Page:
Although the 79th New York Regiment were only stationed on Georgetown Heights for a few days, they deserve mention in this history because of the bond they formed with a local property owner.
In peacetime, the New York “Highlanders”––chartered in 1859––were a volunteer militia regiment sponsored by the Caledonian Society of New York City. The original companies attracted primarily Scottish immigrants and their descendants. Some were veterans of the British army. At the outbreak of the Civil War, when the regiment was expanded to ten companies, with men recruited without regard to nationality––Irish and German enlistments were particularly high––the new recruits referred to the old-timers as “Breetish”.
“New York City rowdies” is how they thought of themselves when, in high spirits, they boarded the train to Washington. The Plug-Uglies jeered the New Yorkers as they passed through Baltimore, but offered no serious provocation. The Highlanders’ arrival in the national capital was enthusiastically noted in the press. (Star, June 4, 1861)
“The fine band of the New York 79th (Highland) Regiment will play in the President’s Grounds this afternoon at 5 o’clock.” The 79th had sixteen band members, and twenty drummers, but the editor of the Evening Star lamented that the regiment did not have the benefit of bagpipes “to raise their blood”. (Star, June 18-19, 1861)
Initially camped at Georgetown College, the 79th left on July 1 to encamp on the heights. “They had a wet time. Heavy rain last night.” (Star, July 2, 1861) The new camp––west of Tunlaw Road, around Calvert Street––was christened Camp Lochiel, in reference to Col. Cameron’s descent from an ancient Scottish chieftain.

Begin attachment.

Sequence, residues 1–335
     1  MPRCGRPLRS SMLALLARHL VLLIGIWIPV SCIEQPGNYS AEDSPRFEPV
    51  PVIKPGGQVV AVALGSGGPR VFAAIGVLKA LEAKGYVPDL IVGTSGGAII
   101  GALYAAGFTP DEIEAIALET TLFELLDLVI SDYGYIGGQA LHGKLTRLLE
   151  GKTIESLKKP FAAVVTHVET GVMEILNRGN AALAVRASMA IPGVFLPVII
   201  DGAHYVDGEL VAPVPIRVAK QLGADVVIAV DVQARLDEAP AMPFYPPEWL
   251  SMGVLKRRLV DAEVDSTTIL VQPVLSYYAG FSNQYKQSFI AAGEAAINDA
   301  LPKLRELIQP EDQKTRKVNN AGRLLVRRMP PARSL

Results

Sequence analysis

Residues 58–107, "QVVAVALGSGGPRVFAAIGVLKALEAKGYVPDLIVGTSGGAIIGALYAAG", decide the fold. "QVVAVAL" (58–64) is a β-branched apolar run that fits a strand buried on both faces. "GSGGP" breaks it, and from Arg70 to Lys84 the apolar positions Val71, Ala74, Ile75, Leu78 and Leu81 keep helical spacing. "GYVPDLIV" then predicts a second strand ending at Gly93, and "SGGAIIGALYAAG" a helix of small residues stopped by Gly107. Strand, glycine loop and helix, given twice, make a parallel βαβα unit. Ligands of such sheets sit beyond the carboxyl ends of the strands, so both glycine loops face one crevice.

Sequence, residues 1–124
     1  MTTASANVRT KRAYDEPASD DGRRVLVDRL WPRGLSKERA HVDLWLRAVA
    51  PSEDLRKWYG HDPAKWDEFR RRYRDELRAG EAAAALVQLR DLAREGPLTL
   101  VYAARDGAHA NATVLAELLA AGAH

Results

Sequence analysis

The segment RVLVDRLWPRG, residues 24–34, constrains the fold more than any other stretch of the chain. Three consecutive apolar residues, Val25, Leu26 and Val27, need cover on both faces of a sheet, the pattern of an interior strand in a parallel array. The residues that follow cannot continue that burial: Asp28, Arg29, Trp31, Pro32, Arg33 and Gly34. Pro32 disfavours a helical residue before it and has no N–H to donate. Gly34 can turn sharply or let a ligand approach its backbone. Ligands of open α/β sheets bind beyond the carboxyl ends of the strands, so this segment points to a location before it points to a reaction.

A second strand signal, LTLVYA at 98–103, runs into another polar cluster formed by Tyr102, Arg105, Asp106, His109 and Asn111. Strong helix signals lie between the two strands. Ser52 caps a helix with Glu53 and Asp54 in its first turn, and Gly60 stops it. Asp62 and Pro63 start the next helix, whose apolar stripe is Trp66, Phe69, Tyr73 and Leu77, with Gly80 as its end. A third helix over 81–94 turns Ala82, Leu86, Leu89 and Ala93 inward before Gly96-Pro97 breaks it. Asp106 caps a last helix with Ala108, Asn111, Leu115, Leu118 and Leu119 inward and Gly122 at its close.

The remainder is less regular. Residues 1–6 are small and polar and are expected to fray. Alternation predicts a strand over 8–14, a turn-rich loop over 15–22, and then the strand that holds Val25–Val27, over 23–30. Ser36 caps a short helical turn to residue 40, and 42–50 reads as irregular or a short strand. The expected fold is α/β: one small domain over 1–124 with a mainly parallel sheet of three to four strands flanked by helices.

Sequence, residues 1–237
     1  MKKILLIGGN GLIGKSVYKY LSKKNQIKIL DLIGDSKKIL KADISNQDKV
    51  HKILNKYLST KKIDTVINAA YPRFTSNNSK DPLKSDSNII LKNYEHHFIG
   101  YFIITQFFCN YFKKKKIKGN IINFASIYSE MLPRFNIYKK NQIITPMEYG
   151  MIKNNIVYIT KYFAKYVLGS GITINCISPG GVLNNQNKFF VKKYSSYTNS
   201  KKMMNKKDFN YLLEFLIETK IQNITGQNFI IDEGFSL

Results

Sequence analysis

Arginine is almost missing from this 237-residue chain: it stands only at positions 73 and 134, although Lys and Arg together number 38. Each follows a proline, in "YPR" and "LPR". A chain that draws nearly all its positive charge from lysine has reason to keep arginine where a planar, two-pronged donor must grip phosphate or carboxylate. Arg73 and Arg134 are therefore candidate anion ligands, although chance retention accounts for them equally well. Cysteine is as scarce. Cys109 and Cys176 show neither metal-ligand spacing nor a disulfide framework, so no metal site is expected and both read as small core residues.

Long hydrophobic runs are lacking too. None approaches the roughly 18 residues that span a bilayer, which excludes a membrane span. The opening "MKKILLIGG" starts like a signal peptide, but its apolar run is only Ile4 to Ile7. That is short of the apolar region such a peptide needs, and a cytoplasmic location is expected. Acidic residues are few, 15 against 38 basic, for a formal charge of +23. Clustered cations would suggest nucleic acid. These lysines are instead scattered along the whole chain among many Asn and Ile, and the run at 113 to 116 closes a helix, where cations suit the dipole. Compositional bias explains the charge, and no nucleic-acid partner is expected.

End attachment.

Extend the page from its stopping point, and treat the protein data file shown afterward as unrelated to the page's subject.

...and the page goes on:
There the New Yorkers were befriended by James H. Causten, whose country house, Weston, was on the other side of High Street (Wisconsin Avenue). Causten was a fervent Union man, and the war, barely started, had already exacted a price from him: his son had been in rebel hands for a month, one of the first Union prisoners of the war. (Evening Star, June 5, 1861; Manuel C. Causten, Prisoner of War)
The “Highlanders” were in this neighborhood less than a week: “The 79th left camp yesterday afternoon and marched over the acqueduct to Virginia.” (Star, July 6, 1861). When they returned to Washington after the defeat at Bull Run, Mr. Causten sought them out at Camp Ewen, on Meridian Hill.
Their baptism of fire had left them badly demoralized. In August they refused to obey commands, until army regulars restored order and punished the ringleaders.
Immediately after the mutiny, the 79th camped near the Insane Asylum––now St. Elizabeth’s Hospital––at Camp Causten, named to honor “a resident of Washington who had been kind to the men after we returned from the Bull Run campaign”.
From there the 79th New York Regiment went on to fight at Antietam, Fredericksburg, Vicksburg, The Wilderness, Spottsylvania, and Petersburg.
(William Todd, History of the 79th New York Highlanders, Brandon, Barton & Co., Albany, N.Y., 1886)
The citation and acknowledgement of my research is greatly appreciated.
All rights reserved.
Questions and corrections may be directed to
The support of the Advisory Neighborhood Council (3B) is gratefully acknowledged.